rynop rynop - 9 months ago 35
Node.js Question

How do I tune node.js memory usage for Raspberry pi?

I'm running node.js on a Raspberry Pi 3 B with the following free memory:

free -m
total used free shared buffers cached
Mem: 973 230 742 6 14 135
-/+ buffers/cache: 80 892
Swap: 99 0 99


How can I configure node (v7) to not use all the free memory? To prolong the SD card life, I would like to prevent it from going to swap.

I am aware of
--max_old_space_size
:

node --v8-options | grep -A 5 max_old
--max_old_space_size (max size of the old space (in Mbytes))
type: int default: 0


I know some of the answer is application specific, however what are some general tips to limit node.js memory consumption to prevent swapping? Also any other tips to squeeze more free ram out of the pi would be appreciated.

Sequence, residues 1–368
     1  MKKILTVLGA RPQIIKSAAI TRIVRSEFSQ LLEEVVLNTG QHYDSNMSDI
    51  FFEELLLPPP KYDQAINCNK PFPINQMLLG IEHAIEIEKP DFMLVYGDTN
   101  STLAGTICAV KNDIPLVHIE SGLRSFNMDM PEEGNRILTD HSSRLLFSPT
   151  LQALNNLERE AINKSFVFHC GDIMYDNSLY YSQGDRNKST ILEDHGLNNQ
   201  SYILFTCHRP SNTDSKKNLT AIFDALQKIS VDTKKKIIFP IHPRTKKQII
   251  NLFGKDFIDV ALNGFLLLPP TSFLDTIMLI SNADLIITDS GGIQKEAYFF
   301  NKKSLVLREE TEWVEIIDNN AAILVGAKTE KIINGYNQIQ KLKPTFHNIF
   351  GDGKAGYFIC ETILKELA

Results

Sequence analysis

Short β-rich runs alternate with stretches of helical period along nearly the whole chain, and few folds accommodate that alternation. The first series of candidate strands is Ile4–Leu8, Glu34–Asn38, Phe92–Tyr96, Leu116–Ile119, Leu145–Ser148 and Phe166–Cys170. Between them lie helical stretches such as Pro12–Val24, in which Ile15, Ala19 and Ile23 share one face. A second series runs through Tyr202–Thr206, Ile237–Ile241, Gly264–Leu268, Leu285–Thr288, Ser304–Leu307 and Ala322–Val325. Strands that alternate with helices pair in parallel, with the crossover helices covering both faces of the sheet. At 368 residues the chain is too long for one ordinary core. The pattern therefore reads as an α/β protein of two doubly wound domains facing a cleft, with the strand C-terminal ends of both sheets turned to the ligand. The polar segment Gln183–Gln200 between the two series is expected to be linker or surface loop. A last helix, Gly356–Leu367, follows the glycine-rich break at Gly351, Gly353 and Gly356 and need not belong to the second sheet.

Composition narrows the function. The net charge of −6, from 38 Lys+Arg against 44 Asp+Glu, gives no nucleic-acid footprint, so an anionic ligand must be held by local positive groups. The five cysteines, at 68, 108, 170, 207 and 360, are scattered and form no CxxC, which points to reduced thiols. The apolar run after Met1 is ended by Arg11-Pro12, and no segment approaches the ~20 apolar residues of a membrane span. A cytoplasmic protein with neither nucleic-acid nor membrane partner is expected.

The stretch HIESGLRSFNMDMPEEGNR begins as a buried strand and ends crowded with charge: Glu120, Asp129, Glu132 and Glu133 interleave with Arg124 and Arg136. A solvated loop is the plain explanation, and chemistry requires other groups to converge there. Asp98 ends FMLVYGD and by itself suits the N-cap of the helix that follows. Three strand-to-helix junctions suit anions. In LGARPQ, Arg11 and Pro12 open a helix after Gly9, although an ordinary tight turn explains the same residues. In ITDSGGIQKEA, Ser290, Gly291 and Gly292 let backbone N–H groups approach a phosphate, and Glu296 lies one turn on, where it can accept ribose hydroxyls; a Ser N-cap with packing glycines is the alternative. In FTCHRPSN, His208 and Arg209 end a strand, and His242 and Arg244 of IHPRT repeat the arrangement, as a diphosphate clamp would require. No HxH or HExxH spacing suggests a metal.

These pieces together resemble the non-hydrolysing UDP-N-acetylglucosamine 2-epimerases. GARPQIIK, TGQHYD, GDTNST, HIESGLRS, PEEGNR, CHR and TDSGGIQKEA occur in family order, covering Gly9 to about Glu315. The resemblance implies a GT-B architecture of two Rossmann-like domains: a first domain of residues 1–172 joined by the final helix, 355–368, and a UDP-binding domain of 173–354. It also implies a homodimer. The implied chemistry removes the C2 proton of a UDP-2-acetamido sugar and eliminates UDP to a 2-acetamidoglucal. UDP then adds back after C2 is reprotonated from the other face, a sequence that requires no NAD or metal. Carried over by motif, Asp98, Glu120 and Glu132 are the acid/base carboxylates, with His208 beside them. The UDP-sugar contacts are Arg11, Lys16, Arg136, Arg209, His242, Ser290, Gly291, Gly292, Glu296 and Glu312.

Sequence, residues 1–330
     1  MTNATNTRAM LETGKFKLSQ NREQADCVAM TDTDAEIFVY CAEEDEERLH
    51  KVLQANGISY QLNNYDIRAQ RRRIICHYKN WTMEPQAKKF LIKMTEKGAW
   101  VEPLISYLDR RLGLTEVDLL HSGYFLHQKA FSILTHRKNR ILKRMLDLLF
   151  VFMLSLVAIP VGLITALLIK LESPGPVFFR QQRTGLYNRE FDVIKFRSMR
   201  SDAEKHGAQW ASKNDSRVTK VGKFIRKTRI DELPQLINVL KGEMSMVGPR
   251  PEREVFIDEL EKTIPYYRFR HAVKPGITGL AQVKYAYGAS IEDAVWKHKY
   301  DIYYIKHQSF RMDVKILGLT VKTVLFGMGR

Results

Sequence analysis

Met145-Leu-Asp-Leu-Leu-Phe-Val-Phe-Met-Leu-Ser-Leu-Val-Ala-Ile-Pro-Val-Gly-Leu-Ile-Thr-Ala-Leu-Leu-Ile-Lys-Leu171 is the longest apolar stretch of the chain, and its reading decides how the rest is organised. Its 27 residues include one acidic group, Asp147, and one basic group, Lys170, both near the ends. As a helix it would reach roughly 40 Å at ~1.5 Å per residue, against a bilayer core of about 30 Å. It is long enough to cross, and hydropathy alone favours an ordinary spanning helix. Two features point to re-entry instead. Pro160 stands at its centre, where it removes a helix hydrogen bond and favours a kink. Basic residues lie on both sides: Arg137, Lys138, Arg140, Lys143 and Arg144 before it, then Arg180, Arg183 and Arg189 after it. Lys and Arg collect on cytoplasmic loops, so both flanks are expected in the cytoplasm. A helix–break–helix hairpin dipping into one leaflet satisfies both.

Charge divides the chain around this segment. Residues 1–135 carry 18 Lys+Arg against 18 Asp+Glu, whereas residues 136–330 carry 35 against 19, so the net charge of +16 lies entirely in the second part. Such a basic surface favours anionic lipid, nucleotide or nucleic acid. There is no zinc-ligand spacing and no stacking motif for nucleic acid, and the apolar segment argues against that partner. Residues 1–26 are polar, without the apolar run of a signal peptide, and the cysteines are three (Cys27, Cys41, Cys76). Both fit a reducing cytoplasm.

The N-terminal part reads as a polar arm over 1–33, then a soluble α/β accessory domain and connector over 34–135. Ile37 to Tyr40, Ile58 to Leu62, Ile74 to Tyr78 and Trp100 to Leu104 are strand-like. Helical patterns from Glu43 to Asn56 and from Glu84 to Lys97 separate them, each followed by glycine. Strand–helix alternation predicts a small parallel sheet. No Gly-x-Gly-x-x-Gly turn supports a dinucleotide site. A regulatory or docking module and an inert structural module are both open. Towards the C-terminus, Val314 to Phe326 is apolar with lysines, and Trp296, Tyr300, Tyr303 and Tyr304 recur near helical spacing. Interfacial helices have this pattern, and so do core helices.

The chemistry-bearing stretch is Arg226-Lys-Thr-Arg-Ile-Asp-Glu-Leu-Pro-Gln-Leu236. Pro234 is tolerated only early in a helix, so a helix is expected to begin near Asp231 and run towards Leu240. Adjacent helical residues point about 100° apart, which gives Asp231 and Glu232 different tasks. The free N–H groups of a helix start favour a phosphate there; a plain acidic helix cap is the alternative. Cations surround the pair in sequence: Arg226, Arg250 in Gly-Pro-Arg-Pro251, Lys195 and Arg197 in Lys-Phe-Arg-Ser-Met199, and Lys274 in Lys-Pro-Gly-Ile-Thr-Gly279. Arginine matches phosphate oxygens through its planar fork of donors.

I have already set the memory split so that the GPU has the minimum 16 megs of RAM allocated.

Answer Source

The only bulletproof way to prevent swapping is to turn off swapping in the operating system (delete or comment out any swap lines in /etc/fstab for permanent settings, or use swapoff -a to turn off all swap devices for the current session). Note that the kernel is forced to kill random processes when there is no free memory available (this is true both with and without swap).

In node.js, what you can limit is the size of V8's managed heap, and the --max-old-space-size flag you already mentioned is the primary way for doing that. A value around 400-500 (megabytes) probably makes sense for your Raspberry. There's also --max-semi-space-size which should be small and you can probably just stick with the default, and --max-executable-size for generated code (how much you need depends on the app you run; I'd just stick with the default).

That said, there's no way to limit the overall memory usage of the process, because there are other memory consumers outside the managed heap (e.g. node.js itself, V8's parser and compiler). There is no way to set limits on all kinds of memory usage. (Because what would such a limit do? Crash when memory is needed but not available? The kernel will take care of that anyway.)